As would be appreciated by one skilled in the art, the power converter system 10, as described above, may employ the semiconductor switch 32 having reverse voltage withstand capability so as to provide step down power conversion at high power factor and reduced input current harmonics without employing an additional power factor correction stage, thereby making the power converter system 10 cost efficient for step down power conversion.

The operation of the power converter circuit 12 is regulated via a controller such as one illustrated in FIG. 5. The controller typically includes two control loopsa DC voltage control loop 44 for DC voltage control and a power factor control loop 46 to provide power factor control. The controller further includes a gate driver 48 for switching the semiconductor switches T1T6. In one embodiment, the switching of the semiconductor switches T1T6 is regulated via pulse width modulation (PWM). The switching operation may be based on a feedback signal received from the power factor control loop 46 and/or the DC voltage control loop 44. In the illustrated embodiment, the power factor control loop 46 includes sensors for sensing the input current and the voltage and detectors coupled to each of the sensors for detecting the zero crossing of the sensed parameters. The power factor control loop 46 further includes logic circuitry for calculating a displacement factor (θ*) based on the zero crossings.

In the illustrated embodiment, the DC voltage control loop 44 includes a voltage sensor for sensing the output DC voltage. This voltage is then compared to a DC reference voltage 50. The DC voltage control loop also includes logic circuitry for calculating a modulation index (m*). The controller may include a three-phase reference wave generator 52 for generating the reference wave based on the displacement factor and the modulation index, and a carrier wave generator 58 for generating a carrier wave. In one implementation, a sine wave may be employed as a reference wave and a saw tooth wave may be employed as a carrier wave. A gating pulse generator 54 that is a part of the controller may then generate a gating pulse based on the reference wave and the carrier wave. The gating pulse from the gating pulse generator 54 is used to regulate switching operation of the semiconductor switches T1T6 via the gate driver 48, thereby regulating the output DC voltage. For a given peak value of AC voltage Vm, the output DC voltage is given by the equation:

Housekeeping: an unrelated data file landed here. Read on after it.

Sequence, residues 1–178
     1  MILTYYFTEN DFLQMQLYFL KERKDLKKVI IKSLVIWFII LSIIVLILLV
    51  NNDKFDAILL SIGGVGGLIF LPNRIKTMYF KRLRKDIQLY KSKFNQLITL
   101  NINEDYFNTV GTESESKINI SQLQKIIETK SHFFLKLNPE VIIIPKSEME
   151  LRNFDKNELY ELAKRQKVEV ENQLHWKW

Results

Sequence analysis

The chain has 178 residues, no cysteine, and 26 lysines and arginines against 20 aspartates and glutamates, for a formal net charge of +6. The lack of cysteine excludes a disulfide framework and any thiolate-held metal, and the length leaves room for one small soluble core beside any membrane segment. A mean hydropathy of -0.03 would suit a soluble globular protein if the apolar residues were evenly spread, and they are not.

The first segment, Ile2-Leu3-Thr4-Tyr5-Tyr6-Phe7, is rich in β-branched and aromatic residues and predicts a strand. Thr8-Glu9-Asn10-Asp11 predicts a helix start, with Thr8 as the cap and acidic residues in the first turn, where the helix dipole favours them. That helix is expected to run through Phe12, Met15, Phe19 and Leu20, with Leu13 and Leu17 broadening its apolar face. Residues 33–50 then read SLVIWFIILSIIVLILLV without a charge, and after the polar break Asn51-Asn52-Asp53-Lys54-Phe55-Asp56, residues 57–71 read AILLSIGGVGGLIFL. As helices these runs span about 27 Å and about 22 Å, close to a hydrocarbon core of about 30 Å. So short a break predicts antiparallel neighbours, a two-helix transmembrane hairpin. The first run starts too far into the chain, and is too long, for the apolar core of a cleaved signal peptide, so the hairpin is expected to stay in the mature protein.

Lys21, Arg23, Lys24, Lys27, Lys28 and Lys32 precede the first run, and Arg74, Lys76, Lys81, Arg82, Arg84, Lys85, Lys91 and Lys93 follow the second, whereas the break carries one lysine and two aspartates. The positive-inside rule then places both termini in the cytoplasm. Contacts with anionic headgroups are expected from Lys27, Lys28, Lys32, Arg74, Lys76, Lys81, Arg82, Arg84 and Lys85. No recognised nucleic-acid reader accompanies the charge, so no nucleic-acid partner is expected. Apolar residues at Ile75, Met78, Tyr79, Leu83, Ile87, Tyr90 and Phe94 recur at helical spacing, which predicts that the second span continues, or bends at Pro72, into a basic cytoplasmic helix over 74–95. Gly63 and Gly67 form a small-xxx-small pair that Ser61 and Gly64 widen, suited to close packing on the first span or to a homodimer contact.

V o = 3 2 V m m * cos ( θ * )

As the freewheeling diode 34 and/or blocking diodes 42 are not ideal diodes, the diode recovery and circuit layout parameters in the power converter circuit 12 may cause spikes or overshoots in the DC bus voltage. In case of a voltage fed power converter system, a capacitor coupled to the power converter circuit 12 may be used to reduce the overshoots in the DC bus voltage. Alternatively, a clamp circuit 60 may be used to minimize the spikes in the current fed power converter systems, as the capacitor will act as a short circuit while charging. As illustrated in FIG. 6, in one embodiment, the power converter system 10 may include a non-dissipative active clamp circuit or a buck boost converter 60 for effective and efficient limitation of the voltage overshoots in the DC bus voltage. It should be noted that a passive clamp circuit may be used to minimize the voltage overshoots. However, the active clamp circuit 60 acts as a constant voltage source and absorbs any overshoot energy and transfers it to the electrical load 18, thereby maintaining a lower voltage stress across the devices connected across the DC bus. The active clamp circuit 60 is coupled in series with the power converter circuit 12 and is shown in greater detail in FIG. 7.